There is an intriguing story told by several older priests about one of my predecessors who having been informed that Bishop, later Archbishop, Amigo was to visit St Mary Magdalen's wrote, "My Lord, I will offer you every facility that my Church may afford on your forthcoming visitation, however as for admittance to my house that can never be as you are not a gentleman". More elaborate versions of the story have the parish priest sending Amigo a "half crown" postal order for lunch. There is, possible not surprisingly, no account in the Southwark or Arundel and Brighton archives.
Does anyone have any information on this story? Who was the parish priest?
Many clergy in the diocese of Southwark disliked their bishop intensely, he could be pretty tough, he hated the Archbishop of Westminster (see the story about Mgr Wallace on the Main Page). There is one story about him which I rather like, he was stopped in the street by a rather high church Anglican clergyman, who said, "My Lord, I am a Catholic, I pray for you everyday at Mass, I believe you are my rightful bishop. In my church we obey all your rulings and read your pastoral letters ...etc. etc." To which the Archbishop said, "Mmm, in that case I suspend you, good day sir".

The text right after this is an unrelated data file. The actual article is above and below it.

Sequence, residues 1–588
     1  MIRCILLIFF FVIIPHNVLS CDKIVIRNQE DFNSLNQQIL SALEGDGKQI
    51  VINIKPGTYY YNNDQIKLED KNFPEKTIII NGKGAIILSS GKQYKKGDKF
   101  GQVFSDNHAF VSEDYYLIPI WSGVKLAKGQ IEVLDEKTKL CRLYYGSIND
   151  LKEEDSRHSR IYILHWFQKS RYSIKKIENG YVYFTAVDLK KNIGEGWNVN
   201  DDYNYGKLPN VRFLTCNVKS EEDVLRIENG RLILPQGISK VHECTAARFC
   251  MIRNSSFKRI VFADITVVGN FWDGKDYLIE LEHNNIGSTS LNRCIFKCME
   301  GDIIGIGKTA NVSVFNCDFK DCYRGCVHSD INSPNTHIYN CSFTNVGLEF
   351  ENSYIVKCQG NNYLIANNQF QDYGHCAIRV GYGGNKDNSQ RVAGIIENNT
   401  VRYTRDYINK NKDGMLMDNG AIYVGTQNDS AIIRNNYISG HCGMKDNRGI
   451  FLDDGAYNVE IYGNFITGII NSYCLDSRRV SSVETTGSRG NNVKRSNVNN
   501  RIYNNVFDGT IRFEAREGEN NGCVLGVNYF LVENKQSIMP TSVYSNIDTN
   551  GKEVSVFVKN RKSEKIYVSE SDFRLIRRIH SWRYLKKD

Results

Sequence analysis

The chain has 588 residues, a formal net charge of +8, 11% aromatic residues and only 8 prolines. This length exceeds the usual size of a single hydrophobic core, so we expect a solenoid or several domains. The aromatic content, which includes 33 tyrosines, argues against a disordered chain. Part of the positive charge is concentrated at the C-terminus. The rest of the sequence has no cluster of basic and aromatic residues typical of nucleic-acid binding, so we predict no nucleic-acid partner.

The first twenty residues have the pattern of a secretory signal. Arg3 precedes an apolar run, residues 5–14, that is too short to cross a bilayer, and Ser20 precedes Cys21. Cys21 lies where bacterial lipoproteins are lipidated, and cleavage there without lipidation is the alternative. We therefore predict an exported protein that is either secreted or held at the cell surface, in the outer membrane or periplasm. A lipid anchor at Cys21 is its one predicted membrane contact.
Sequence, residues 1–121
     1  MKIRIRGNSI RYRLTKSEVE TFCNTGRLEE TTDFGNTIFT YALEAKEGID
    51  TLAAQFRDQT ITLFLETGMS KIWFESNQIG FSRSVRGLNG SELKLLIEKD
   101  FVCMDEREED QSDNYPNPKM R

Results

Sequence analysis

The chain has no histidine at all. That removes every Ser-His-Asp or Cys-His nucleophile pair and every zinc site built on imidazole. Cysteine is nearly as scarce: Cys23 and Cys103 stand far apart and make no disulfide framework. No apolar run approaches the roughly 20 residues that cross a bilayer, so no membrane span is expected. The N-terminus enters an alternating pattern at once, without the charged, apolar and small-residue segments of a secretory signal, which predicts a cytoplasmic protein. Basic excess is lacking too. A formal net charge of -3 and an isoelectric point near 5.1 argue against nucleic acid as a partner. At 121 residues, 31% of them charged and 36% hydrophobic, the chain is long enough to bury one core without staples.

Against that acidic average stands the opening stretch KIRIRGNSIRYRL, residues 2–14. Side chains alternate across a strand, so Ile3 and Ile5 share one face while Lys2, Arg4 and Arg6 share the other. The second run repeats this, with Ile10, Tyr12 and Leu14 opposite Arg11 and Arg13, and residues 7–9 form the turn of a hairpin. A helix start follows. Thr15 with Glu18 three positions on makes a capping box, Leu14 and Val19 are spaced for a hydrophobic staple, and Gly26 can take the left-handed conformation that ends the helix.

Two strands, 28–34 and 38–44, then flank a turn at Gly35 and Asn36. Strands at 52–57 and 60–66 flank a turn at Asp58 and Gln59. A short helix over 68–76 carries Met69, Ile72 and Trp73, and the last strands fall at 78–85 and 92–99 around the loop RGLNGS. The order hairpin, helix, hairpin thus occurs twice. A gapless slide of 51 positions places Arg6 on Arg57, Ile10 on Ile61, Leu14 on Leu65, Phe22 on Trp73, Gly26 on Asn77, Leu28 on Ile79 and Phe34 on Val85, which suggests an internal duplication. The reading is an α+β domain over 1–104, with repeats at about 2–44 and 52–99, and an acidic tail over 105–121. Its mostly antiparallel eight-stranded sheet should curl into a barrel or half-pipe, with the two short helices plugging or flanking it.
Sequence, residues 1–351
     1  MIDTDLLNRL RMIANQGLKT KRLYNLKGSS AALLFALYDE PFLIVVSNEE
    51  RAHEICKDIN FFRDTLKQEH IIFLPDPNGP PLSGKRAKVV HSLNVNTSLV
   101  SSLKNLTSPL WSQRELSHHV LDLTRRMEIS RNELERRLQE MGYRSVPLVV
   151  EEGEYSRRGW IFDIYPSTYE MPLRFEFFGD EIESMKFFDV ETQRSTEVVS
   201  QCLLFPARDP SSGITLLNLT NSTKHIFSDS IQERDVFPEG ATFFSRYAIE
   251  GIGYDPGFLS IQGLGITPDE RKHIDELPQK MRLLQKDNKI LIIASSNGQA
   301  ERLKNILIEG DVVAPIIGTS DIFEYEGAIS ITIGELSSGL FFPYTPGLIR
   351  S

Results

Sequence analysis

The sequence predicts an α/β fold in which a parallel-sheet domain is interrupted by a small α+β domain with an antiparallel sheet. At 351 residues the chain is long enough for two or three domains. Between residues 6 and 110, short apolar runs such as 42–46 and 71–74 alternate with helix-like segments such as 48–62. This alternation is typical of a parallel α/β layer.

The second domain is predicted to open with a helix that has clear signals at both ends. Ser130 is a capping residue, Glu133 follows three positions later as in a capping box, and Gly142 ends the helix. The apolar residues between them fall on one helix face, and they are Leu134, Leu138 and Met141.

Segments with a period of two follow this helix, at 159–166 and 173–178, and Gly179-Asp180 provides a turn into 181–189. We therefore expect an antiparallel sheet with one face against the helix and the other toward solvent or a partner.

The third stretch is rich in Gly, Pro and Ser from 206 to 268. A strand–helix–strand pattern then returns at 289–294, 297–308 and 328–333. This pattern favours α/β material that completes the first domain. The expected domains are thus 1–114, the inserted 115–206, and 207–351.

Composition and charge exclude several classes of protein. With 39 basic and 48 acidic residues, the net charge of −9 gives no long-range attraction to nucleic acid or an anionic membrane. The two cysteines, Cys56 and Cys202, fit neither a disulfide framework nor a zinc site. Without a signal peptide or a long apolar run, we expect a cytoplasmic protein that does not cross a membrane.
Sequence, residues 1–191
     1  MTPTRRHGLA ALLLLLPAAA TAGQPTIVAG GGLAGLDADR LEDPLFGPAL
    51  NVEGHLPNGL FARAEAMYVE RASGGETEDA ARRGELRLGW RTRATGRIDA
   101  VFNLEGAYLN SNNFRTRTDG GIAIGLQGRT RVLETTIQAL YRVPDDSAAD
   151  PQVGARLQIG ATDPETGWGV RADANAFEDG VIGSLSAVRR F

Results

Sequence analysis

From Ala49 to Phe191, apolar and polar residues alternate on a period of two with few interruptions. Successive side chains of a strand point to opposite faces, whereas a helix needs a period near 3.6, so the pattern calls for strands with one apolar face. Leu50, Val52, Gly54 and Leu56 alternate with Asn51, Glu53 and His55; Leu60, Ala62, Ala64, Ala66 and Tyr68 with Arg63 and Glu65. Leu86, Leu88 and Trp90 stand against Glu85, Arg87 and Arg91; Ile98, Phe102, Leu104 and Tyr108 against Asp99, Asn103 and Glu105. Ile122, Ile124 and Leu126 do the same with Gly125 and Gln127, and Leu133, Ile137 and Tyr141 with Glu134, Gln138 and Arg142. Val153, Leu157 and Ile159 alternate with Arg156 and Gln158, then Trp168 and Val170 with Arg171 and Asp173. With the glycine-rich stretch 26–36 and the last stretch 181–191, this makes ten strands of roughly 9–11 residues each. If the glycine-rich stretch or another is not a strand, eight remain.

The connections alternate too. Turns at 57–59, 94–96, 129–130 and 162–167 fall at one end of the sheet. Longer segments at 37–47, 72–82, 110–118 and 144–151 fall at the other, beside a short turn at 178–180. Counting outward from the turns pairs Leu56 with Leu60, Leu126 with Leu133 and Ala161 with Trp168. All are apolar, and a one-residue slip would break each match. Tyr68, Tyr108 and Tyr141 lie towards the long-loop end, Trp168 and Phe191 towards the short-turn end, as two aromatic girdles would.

Monday, July 24, 2006
These are the first photographs we have of the Church, notice how already the stonework is seriously smoke blackened, Our conservationist says that various colour schemes were tried until in the 1980s the entire Church was painted spray painted battleship grey, with gilt, copper and bronze spray painted highlights.
Blount was an English Catholic architect active from about 1840-70. He received his earliest training as a civil engineer under Brunel (c.1825-28) for whom he worked as a superintendent of the Thames Tunnel works. After a period in the office of Syndney Smirke, Blount was appointed as architect to Cardinal Wiseman, the Catholic Archbishop of Westminster.
Blount's mature work coincided with the resurgence of Catholic church building in England. His activity as an architect was largely in service of the need for new churches and related ecclesiastical institutions.
About the CollectionHoldings include studies for eleven churches (1844-74), two tabernacles, reredos, two pulpits, a stained glass window, twelve high altars. Among the churches are St. Ambrose Church, Kidderminster, Worchestershire, 1858; St. Edward, Clifford, Yorkshire, c.1844-45; St. Mary, Husband's Bosworth, Leicestershire, 1873-74; St. Mary Magdalene, Brighton, Sussex, 1861-62; St. Peter, Gloucester, 1859-60, 1867-88; Our Lady and St. Catherine of Siena Church, London, 1869-70.